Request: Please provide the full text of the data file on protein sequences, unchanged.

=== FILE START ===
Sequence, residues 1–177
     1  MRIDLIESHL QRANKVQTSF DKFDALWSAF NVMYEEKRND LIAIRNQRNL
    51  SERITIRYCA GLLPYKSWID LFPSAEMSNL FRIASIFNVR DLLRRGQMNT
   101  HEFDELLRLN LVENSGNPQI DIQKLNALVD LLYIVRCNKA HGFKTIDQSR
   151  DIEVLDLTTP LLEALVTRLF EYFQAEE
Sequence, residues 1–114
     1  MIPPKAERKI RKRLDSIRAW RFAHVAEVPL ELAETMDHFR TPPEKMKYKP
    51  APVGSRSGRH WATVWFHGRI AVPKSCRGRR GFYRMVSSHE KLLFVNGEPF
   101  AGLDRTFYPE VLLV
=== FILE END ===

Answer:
Sequence, residues 1–177
     1  MRIDLIESHL QRANKVQTSF DKFDALWSAF NVMYEEKRND LIAIRNQRNL
    51  SERITIRYCA GLLPYKSWID LFPSAEMSNL FRIASIFNVR DLLRRGQMNT
   101  HEFDELLRLN LVENSGNPQI DIQKLNALVD LLYIVRCNKA HGFKTIDQSR
   151  DIEVLDLTTP LLEALVTRLF EYFQAEE
Sequence, residues 1–114
     1  MIPPKAERKI RKRLDSIRAW RFAHVAEVPL ELAETMDHFR TPPEKMKYKP
    51  APVGSRSGRH WATVWFHGRI AVPKSCRGRR GFYRMVSSHE KLLFVNGEPF
   101  AGLDRTFYPE VLLV